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France: Lafayette case closes, US$875 million paid to Taiwan

France: Lafayette case closes, US$875 million paid to Taiwan

The French defense company Thales has wired a court-ordered fine of US$875 million into a Taiwan government bank account, the Ministry of National Defense (MND) said Tuesday.

The news came more than a year after an international commercial arbitration court gave an April 2010 ruling in favor of Taiwan in the scandal-plagued Lafayette frigate deal.

Thales, a French contractor known in the 1990s as Thomson-CSF sold six Lafayette frigates to Taiwan in 1991, in the process paying out unauthorized commissions in violation of the contract.

The US$875 million includes a fine, interest, litigation fees and other related expenses that have built up over more than 10 years of legal wrangling between the two countries, according to a ministry press release.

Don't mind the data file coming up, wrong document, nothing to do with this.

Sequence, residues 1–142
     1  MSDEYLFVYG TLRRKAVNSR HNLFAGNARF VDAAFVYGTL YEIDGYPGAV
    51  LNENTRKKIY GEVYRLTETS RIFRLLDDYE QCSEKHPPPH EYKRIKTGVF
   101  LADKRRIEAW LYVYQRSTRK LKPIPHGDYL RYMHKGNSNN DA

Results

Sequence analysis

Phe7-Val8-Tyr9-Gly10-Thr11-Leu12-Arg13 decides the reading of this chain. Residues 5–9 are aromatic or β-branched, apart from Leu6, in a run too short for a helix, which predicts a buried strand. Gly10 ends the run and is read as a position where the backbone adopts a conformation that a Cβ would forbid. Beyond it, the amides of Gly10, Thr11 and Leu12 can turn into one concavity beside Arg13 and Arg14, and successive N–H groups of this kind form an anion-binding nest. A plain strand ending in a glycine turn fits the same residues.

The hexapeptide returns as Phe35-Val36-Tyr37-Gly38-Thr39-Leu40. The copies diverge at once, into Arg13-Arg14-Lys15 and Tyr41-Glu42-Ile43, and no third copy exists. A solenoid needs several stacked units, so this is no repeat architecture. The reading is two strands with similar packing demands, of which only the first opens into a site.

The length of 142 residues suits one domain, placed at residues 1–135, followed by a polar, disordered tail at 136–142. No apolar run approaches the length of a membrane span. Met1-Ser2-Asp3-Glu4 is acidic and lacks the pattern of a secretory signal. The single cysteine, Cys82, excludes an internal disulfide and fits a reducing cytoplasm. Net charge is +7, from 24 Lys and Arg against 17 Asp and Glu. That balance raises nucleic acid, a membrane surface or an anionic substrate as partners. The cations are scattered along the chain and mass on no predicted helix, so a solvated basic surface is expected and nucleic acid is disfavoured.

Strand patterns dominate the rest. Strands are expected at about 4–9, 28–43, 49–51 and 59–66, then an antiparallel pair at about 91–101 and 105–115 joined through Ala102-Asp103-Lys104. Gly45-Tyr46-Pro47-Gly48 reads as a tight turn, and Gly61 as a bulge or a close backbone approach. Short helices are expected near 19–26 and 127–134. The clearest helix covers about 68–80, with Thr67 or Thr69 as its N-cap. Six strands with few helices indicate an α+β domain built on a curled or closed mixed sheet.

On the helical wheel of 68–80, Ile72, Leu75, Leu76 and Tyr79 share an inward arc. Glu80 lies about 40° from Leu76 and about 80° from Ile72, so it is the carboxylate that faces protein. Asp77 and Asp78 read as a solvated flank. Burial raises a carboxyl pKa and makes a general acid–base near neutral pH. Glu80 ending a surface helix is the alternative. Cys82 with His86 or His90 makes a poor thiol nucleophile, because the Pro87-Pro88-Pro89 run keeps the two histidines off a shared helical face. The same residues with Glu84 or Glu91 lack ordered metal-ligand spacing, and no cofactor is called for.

MND spokesman Lo Shao-ho said the money, which is now in an account owned by the MND, will be transferred to the state treasury soon.

Lo said the "commercial dispute" will not affect military cooperation between France and Taiwan. However, he declined to provide details on what the cooperation entails, saying that "the lack of diplomatic relations makes disclosure inappropriate."

Millions of dollars in illegal kickbacks are believed to be held in frozen Swiss bank accounts held by Thomson-CSF's agent at the time, Andrew Wang, and have become a principal focus of Taiwan's drive to get back the illicit commissions paid in the deal.

Wang fled Taiwan following the death of Navy Captain Yin Ching-feng under suspicious circumstances in late 1993. Yin is believed to have been poised to blow the whistle on colleagues who had allegedly received kickbacks from the Lafayette deal.

Wang has been wanted by the Taiwanese authorities on murder charges since September 2000.